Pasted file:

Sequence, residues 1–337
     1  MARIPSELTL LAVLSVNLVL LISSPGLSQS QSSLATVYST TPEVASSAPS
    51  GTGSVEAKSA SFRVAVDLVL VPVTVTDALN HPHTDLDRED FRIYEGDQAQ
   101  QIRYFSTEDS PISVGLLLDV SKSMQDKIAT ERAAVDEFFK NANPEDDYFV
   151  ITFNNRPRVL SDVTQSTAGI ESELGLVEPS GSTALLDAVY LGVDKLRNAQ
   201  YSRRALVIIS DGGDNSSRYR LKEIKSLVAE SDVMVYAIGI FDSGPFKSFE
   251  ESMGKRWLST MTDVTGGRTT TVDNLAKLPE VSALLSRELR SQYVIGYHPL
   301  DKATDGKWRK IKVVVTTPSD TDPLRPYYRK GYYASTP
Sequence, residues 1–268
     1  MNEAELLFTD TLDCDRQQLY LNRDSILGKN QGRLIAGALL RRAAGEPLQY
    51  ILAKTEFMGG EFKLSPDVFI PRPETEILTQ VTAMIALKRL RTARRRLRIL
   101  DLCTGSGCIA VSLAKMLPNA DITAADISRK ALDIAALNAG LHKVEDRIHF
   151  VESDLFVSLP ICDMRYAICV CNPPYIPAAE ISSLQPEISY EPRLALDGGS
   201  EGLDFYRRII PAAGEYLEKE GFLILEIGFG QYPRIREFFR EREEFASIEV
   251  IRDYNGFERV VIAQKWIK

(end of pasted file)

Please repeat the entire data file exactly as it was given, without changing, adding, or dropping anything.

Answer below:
Sequence, residues 1–337
     1  MARIPSELTL LAVLSVNLVL LISSPGLSQS QSSLATVYST TPEVASSAPS
    51  GTGSVEAKSA SFRVAVDLVL VPVTVTDALN HPHTDLDRED FRIYEGDQAQ
   101  QIRYFSTEDS PISVGLLLDV SKSMQDKIAT ERAAVDEFFK NANPEDDYFV
   151  ITFNNRPRVL SDVTQSTAGI ESELGLVEPS GSTALLDAVY LGVDKLRNAQ
   201  YSRRALVIIS DGGDNSSRYR LKEIKSLVAE SDVMVYAIGI FDSGPFKSFE
   251  ESMGKRWLST MTDVTGGRTT TVDNLAKLPE VSALLSRELR SQYVIGYHPL
   301  DKATDGKWRK IKVVVTTPSD TDPLRPYYRK GYYASTP
Sequence, residues 1–268
     1  MNEAELLFTD TLDCDRQQLY LNRDSILGKN QGRLIAGALL RRAAGEPLQY
    51  ILAKTEFMGG EFKLSPDVFI PRPETEILTQ VTAMIALKRL RTARRRLRIL
   101  DLCTGSGCIA VSLAKMLPNA DITAADISRK ALDIAALNAG LHKVEDRIHF
   151  VESDLFVSLP ICDMRYAICV CNPPYIPAAE ISSLQPEISY EPRLALDGGS
   201  EGLDFYRRII PAAGEYLEKE GFLILEIGFG QYPRIREFFR EREEFASIEV
   251  IRDYNGFERV VIAQKWIK